Data is the crucial piece that shapes the course of actions in disaster response situations. It empowers decision makers to plan responses for a multitude of worst and best case scenarios.
It is the basic building block of a robust early warning system.
However, this rich and nebulous data comes engulfed in the trio of Vs - Volume, Velocity and Variety.
Just 1 sq. mile area of flood disaster study generates around 12 TB of data. The tremendous volume of data that piles up from flood, hurricane, earthquake and other natural/manmade disasters puts the best data storage solution to test.
The rate of production of data can be attributed to climate changes, advances in technology and socio economic developments. Climate changes cause physical changes to the geography of a region, which calls for updated mappings. Advancements in technology enable frequent measurements and transmission of map data. Socio economic changes have a direct impact on the demographics, which is a key variable in risk assessment systems.
A myriad of weather sensors, social media feeds, structured and unstructured data sources spew out data in multiple formats. This vibrant cocktail of information needs to be stored and analyzed to put to meaningful use.
The trio of Vs can be harnessed by applying best practices in:
Data management - that cover timely refresh and archive cycles
Cleansing- involves validation and verification
Security - that guards from undesirable, harmful access that may risk authenticity of data
The Analytics Layer
Once the 3 Vs of data have been conquered, the stage is set for powerful analytics to flex its muscles.
Descriptive analytics gives a hindsight of what happened.
Diagnostic analytics explain why it happened.
Predictive analytics put forth a foresight of what will happen.
Prescriptive analytics shows the way to make it happen.
The Visualization Layer
Easy interpretation of results from data analysis is as important as the analysis itself. Millions of rows of data are a challenge to the common visualization formats, i.e. dashboards, reports, graphs and charts. It takes extensive domain understanding to get data in the right shape to be consumed by human interfaces on the web, mobile devices, GIS apps etc.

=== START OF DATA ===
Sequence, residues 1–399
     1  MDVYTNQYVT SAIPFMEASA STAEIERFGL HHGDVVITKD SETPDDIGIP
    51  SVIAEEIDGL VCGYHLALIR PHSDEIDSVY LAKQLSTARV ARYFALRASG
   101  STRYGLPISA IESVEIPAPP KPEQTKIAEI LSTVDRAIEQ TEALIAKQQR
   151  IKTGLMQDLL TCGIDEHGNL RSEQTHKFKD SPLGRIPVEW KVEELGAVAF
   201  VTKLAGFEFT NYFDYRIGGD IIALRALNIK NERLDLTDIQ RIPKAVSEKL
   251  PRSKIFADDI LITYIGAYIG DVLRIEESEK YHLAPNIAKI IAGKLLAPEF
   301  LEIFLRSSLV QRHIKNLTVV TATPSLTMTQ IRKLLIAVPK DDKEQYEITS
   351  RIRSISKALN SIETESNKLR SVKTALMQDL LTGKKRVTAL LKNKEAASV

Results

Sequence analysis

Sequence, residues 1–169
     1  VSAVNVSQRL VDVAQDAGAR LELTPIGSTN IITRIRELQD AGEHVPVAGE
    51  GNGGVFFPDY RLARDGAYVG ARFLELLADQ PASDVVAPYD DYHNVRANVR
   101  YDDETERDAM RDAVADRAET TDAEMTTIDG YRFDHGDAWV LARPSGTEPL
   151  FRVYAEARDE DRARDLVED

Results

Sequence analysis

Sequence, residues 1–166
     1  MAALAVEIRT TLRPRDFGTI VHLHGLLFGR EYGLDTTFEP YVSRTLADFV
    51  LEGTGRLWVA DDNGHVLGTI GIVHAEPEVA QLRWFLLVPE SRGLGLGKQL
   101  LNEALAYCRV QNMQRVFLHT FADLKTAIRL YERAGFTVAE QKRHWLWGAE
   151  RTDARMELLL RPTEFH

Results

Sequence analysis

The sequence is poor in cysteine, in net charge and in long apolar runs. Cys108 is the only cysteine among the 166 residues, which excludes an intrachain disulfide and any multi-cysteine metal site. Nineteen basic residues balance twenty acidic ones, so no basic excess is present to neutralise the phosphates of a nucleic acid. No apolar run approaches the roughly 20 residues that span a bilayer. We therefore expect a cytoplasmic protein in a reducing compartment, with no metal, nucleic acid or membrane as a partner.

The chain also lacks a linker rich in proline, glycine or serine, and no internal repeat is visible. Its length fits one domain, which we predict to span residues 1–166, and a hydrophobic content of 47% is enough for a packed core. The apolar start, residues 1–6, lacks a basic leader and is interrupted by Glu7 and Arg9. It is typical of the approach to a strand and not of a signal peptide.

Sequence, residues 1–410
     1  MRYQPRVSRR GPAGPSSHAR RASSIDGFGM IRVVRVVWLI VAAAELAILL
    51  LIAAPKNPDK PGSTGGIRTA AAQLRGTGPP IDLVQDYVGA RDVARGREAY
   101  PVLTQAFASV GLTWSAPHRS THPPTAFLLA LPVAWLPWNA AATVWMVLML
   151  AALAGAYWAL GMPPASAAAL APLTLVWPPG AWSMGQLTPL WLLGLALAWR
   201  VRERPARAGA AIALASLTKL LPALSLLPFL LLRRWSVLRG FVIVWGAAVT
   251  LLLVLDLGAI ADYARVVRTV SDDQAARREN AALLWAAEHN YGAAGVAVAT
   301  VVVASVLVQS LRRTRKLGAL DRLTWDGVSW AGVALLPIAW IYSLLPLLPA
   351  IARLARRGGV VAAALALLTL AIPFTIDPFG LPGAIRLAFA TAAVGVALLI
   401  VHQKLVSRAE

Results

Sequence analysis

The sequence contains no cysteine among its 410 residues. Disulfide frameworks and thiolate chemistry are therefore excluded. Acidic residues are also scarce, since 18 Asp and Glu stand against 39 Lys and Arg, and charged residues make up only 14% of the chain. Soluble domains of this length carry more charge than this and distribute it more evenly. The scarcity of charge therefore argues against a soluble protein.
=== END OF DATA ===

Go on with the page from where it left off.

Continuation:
IT Begins With Data...And Ends with Disaster Resilience
The Risk assessment system that results as a combination of the 3 layers, i.e. Data, Analytics and Visualization is well equipped for mitigation and emergency planning. First response teams can be most effective by capitalizing on forewarnings, by stocking up on supplies and working out logistics. Regulatory agencies can enforce policies that minimize losses.
Hazus-MH is a tool developed for FEMA Risk mitigation that assess population needs related to emergency management. It enables comparisons between various scenarios and the respective mitigation actions.
It enables identification of vulnerable areas that may require special planning considerations. By estimating potential losses that may occur when disaster hits, planning agencies can make informed decisions on allocation of resources for most effective and efficient response and recovery.
For more information on Hazus- MH and to test drive visit http://www.niyamit.com/industries/#riskanalysis or contact firstname.lastname@example.org
(This is an excerpt from my presentation at AIDF 6th Annual Disaster Relief Summit on 19th November at Washington D.C. It was an interesting experience to join a team of recognized experts from aid and government agencies, United Nations, NGOs, donors, academia and private sector as we discussed innovations and best practices for disaster response. We presented NiyamIT's risk assessment/planning tool, and led the round table discussions on Early Warning Systems.)